Garrett: Engineering and data blogs, conference talks, or Twitter accounts of researchers from top tech companies like Google, Apple, Spotify, and small tech startups are great ways to keep up with how others are using machine learning. If you have a math and computer science foundation, free online courseware from platforms like Coursera, edX, or Udacity are great resources for learning about machine learning and deep learning methodologies. Once you have a solid foundation in these methodologies, you can find research papers about complex methods and new developments published on ArXiv to further your studies.
Seth: What are you able to do really well, and what’s on your to-do list for improvement?
Garrett: Our team at StockTwits does two things in particular really well: We put the problem we are trying to solve first and the methods/models for tackling the problem second.
One area I’d like to improve in — and we are seeing this as a major pain point for a lot of data science teams — is “DevOps” around data science. By this, I mean the bridging the gap between this research/prototype phase and embedding it within the rest of the tech stack to deploy the new feature into production. Data science is pretty new to a lot of companies, and usually sits somewhere between Product and Engineering. Companies can address this problem by creating a collaborative culture between the Data Scientists and Engineers, and putting the right resources together to move from prototype to production as quickly and seamlessly as possible.
Seth: And key lessons learned?
Garrett: Advancements in big data, data science, and machine learning breed the misconception that the most complex solutions are the best. Complexity is better if it leads to a deeper understanding of the underlying system that yields better outcomes. Yet complexity is a spectrum and not a binary. Even small incremental movements towards increased complexity can drive better outcomes. So simpler solutions (heuristics, traditional statistics, classical machine learning) are great ways to get started with a data product that solves your problem. From there, you can research, iterate, and prototype to improve the product with more advanced techniques.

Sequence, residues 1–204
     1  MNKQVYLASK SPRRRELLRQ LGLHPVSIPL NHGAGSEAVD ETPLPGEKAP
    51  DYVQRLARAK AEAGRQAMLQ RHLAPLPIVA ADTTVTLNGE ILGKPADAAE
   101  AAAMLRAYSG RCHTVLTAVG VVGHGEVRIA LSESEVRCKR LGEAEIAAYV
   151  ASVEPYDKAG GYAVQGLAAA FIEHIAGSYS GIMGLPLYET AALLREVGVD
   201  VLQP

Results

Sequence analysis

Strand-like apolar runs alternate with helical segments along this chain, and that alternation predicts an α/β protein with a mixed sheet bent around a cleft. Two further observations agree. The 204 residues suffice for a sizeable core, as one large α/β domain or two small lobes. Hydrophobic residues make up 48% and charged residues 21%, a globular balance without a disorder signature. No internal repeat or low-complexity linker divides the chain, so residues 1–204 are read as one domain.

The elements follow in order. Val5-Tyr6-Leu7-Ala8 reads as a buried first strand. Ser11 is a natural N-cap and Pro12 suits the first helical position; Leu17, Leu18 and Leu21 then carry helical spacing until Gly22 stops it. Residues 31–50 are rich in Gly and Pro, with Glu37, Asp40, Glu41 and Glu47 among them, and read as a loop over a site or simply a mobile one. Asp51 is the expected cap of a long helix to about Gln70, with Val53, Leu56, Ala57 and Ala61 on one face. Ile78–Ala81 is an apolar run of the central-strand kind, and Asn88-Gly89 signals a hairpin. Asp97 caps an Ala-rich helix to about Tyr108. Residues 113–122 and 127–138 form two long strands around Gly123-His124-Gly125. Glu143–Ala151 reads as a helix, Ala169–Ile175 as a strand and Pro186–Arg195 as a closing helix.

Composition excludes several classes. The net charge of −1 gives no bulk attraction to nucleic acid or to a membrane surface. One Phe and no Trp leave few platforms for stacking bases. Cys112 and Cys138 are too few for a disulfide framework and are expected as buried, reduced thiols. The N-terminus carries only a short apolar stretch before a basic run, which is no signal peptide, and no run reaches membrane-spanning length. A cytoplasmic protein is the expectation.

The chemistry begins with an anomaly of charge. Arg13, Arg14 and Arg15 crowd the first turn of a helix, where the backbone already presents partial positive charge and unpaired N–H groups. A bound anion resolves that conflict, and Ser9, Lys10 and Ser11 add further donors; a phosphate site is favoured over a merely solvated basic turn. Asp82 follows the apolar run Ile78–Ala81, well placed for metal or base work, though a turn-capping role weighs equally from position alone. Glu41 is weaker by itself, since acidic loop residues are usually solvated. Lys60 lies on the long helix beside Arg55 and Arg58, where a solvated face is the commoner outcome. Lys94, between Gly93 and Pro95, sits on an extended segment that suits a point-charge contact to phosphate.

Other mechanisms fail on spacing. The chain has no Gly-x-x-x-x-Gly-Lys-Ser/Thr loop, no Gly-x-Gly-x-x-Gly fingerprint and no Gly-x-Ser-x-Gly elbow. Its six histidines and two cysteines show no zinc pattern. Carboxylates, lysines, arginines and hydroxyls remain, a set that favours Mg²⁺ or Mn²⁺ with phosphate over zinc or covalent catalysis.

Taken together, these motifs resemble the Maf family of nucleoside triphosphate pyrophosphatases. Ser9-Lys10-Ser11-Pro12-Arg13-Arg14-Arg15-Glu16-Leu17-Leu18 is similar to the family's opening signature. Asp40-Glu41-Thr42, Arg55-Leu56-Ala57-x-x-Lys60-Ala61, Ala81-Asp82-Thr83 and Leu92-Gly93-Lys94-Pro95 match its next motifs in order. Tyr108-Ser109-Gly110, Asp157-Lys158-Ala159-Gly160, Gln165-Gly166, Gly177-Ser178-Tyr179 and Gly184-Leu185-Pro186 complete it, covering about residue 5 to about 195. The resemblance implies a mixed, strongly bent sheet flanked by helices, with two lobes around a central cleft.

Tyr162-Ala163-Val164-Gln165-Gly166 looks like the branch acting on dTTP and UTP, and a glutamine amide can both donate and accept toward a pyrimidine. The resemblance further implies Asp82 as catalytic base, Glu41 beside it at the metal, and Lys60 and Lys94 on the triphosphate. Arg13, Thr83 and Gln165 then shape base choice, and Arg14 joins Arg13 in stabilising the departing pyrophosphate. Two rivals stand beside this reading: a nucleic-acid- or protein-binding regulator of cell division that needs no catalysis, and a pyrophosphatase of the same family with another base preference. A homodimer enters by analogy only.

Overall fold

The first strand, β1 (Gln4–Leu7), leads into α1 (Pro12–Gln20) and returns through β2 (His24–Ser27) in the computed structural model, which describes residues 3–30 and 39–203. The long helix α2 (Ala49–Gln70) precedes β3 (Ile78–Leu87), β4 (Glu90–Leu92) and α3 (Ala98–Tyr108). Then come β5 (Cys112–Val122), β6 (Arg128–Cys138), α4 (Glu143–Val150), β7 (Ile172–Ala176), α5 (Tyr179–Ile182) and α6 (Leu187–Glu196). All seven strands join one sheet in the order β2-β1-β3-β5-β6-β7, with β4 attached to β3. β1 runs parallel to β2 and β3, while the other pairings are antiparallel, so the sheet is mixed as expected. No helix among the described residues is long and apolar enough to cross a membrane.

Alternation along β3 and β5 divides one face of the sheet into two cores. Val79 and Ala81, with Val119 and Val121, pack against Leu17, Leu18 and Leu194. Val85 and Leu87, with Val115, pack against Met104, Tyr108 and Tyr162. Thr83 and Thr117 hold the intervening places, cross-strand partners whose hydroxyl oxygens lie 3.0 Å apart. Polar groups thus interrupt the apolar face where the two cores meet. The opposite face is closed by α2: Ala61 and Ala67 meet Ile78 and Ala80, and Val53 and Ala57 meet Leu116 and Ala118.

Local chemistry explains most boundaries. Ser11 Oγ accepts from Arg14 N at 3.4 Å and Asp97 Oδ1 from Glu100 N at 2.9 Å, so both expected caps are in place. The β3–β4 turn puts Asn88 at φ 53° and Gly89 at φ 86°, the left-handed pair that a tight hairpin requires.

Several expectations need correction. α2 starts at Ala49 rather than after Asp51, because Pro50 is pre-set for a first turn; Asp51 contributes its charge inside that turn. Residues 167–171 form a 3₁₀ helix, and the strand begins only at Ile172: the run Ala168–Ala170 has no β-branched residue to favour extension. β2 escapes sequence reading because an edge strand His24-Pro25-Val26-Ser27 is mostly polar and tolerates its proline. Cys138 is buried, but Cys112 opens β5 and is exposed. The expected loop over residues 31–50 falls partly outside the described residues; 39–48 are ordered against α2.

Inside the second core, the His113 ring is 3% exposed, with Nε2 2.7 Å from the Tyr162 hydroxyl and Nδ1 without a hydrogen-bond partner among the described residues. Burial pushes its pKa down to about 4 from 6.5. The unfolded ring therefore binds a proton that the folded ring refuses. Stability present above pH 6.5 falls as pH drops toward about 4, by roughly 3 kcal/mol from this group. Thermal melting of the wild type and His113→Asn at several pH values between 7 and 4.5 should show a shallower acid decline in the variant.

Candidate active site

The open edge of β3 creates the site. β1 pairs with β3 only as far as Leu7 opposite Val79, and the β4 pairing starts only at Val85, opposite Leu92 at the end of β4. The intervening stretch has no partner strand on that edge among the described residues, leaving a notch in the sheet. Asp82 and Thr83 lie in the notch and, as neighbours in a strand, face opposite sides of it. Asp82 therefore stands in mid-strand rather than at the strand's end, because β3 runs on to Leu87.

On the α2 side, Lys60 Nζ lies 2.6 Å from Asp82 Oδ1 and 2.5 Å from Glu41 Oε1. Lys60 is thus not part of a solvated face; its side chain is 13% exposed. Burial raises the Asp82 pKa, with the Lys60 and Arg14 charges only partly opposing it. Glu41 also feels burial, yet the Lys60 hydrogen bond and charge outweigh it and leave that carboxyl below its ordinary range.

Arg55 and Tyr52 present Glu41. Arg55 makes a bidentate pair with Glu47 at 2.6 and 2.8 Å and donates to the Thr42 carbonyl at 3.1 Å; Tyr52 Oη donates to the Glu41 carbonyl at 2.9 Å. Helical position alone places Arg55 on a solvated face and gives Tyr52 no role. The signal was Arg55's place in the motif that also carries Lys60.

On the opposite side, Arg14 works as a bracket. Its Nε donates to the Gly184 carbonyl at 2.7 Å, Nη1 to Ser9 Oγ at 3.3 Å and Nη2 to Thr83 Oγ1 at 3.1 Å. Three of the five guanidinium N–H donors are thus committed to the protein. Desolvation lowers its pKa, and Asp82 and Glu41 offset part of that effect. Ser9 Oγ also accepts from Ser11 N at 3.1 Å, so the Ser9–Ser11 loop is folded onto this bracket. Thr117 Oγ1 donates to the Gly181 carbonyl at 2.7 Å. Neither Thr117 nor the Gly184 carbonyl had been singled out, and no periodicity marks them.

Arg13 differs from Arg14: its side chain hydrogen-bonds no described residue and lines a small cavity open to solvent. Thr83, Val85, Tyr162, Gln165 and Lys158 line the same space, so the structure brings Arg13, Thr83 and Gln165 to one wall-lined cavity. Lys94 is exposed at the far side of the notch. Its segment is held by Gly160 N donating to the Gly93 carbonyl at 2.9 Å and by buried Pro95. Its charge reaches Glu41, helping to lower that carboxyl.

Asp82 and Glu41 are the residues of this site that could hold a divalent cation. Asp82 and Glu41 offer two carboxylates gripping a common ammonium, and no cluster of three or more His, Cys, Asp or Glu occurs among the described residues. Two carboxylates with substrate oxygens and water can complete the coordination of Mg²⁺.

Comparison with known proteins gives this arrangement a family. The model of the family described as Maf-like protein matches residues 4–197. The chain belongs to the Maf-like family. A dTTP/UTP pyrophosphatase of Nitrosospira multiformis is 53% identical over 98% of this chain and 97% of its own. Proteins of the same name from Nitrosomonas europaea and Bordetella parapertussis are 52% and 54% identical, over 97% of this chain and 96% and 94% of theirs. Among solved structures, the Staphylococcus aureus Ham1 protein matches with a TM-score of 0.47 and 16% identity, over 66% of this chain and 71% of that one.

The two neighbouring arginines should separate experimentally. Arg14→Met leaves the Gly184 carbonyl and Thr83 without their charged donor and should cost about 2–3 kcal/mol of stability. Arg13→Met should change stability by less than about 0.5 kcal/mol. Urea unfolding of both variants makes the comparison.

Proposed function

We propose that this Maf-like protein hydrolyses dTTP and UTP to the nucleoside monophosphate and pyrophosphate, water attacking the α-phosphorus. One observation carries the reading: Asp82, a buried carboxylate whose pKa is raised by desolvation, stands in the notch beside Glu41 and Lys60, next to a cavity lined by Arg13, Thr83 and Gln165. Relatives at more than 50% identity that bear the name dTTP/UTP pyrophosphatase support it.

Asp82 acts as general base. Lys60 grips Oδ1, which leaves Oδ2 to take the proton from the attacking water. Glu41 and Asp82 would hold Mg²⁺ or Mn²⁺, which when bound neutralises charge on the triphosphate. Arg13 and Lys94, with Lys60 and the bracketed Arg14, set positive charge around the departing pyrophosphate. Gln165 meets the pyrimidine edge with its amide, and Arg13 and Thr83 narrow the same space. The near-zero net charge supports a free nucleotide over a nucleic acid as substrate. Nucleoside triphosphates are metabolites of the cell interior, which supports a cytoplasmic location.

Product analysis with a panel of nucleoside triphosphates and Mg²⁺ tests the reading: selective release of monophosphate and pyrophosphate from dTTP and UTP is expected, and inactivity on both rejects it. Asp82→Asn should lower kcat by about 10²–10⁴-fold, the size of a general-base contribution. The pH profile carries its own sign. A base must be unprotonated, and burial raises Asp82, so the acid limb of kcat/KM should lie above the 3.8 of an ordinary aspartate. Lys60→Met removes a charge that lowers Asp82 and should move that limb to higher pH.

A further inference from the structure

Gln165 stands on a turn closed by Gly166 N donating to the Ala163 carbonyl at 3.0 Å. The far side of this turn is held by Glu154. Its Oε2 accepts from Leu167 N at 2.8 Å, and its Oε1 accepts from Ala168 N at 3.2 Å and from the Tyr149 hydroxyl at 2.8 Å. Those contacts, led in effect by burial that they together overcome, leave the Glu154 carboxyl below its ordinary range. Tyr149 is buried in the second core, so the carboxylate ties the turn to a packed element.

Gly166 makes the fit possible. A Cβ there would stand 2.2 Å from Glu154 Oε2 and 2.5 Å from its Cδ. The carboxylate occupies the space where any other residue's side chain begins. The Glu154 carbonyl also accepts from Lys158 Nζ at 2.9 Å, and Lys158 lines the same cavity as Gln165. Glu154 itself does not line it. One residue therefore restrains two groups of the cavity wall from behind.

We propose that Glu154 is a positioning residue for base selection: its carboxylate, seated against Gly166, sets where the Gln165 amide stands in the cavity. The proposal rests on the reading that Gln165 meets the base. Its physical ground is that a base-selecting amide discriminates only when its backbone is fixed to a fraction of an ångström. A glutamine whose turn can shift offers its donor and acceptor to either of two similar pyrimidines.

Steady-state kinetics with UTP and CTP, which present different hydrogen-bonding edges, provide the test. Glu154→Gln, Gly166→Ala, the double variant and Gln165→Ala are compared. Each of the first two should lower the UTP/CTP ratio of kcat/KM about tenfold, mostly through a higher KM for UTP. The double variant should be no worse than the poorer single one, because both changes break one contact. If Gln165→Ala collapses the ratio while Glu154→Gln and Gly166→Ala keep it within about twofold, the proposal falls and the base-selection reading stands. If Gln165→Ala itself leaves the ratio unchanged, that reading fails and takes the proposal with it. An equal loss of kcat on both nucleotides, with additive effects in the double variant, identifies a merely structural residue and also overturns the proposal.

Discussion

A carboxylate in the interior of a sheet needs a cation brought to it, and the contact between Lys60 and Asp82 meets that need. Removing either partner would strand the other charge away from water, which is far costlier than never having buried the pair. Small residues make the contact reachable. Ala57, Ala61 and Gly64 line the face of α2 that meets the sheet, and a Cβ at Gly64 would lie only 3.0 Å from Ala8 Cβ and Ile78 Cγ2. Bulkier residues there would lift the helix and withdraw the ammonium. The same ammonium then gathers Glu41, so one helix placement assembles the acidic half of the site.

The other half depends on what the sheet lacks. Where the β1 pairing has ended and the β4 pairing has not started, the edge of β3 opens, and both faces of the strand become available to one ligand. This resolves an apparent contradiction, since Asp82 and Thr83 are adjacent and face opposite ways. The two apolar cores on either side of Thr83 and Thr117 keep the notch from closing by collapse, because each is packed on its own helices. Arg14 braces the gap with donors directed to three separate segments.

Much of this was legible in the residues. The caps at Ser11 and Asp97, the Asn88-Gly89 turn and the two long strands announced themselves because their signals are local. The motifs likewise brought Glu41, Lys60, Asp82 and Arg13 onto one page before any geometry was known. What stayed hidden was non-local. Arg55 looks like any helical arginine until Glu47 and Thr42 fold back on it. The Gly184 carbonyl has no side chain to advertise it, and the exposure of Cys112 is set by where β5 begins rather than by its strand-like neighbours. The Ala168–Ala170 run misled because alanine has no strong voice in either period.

Seth: What’s next? What will you be focused on a year hence, or two years or five?
Garrett: Now that we have a market sentiment model, one of the next things to focus on is improving what our users can do with this data. We need to give them more flexibility and customizability over the analytics. Part of this involves digging deeper into different investment decision-making workflows and understanding how to make StockTwits a seamless part of that process. Another part of it is perfecting the interaction between the trader and our platform. This is just as much an exercise in UX as it is in data science, but it is something that we are excited about.
For the long term, I am interested in thinking about how newer advancements in AI around natural language processing and natural language understanding can incorporate into the platform. As a product, this may look something like summarization of the conversation around certain stocks or topics, improved attribution of sentiment around a stock to a specific topic, or possibly interacting with the platform via speech.
Seth: Thanks Garrett.
This interview with StockTwits data scientist Garrett Hoffman has described data science and machine learning applications that provide idea-generation solutions for active traders. Meet him at the Sentiment Analysis Symposium, March 27 in New York.